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United States Department of Agriculture

Agricultural Research Service

Title: Using Rna Interference to Study Genes Involved in Medicago Truncatula Root and Nodule Development

Authors
item Ivashuta, Sergey - UNIVERSITY OF MINNESOTA
item Haridas, Sajeet - UNIVERSITY OF MINNESOTA
item Noorduin, Bauke - UNIVERSITY OF MINNESOTA
item Vance, Carroll
item Vandenbosch, Kathryn - UNIVERSITY OF MINNESOTA
item Gantt, Steve - UNIVERSITY OF MINNESOTA

Submitted to: American Society of Plant Biologists Annual Meeting
Publication Type: Abstract Only
Publication Acceptance Date: July 25, 2004
Publication Date: July 25, 2004
Citation: Ivashuta, S., Haridas, S., Noorduin, B., Vance, C.P., VandenBosch, K.A., Gantt, S. 2004. Using RNA interference to study genes involved in Medicago truncatula root and nodule development. American Society of Plant Biologists Annual Meeting, July 24-28, 2004, Orlando, FL. Abstract No. 599.

Technical Abstract: The symbiotic interaction between roots of legume plants and rhizobial bacteria is associated with complex alterations in the temporal and spatial expression of a large number of plant genes. It also appears to involve a complex signal transduction pathway that has been intensively investigated by numerous researchers. While very important, these studies have probably identified just a fraction of the genes involved in the sophisticated signaling network that is necessary to establish a successful symbiosis. Reverse genetics may provide an alternative approach to identify additional components of the signal transduction network. We are using double-stranded RNA to induce gene silencing in transgenic hairy roots of Medicago truncatula to study the function of more than 100 genes that are potentially involved in signal transduction events. Candidate genes were selected based on their expression profile and predicted function. We have optimized systems for generating and analyzing transgenic roots in which the candidate gene has been silenced. The system was tested using reporter genes and genes with known functions in symbiosis. The efficiency of gene silencing and phenocopying known mutants was clearly demonstrated. Using this approach, we have identified several new genes that may function in symbiosis. Our data demonstrate that RNAi-based suppression of gene expression in hairy roots provides a fast and powerful approach for functional gene analysis in M. truncatula. Detailed analysis of the RNAi phenotype of several genes will be provided.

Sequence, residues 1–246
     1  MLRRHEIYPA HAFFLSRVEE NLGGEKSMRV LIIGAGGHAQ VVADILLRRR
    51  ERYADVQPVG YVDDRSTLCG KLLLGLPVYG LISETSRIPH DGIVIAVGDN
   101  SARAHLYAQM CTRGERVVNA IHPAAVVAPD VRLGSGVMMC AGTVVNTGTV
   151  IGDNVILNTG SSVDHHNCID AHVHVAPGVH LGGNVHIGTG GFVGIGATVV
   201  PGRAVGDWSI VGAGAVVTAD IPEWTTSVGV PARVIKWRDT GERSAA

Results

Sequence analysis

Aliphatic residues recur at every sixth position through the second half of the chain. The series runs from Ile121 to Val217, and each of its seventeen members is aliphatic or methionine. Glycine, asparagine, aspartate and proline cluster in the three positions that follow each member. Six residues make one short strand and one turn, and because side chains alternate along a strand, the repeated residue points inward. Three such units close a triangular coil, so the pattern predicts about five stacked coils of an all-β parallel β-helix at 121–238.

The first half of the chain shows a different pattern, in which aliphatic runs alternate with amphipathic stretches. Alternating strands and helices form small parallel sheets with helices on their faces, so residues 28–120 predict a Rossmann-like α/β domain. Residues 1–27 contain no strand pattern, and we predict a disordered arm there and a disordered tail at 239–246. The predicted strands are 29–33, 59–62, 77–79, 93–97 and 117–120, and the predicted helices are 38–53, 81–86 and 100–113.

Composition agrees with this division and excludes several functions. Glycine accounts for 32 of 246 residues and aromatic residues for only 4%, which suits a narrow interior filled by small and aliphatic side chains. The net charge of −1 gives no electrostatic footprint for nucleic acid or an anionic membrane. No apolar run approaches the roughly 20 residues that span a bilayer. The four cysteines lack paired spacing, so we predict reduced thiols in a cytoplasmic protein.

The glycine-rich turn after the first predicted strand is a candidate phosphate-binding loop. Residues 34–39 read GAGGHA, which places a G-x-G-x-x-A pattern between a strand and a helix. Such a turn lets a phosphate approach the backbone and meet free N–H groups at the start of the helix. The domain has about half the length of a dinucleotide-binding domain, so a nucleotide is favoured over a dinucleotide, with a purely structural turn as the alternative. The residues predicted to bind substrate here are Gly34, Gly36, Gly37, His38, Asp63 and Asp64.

Last Modified: 9/23/2014
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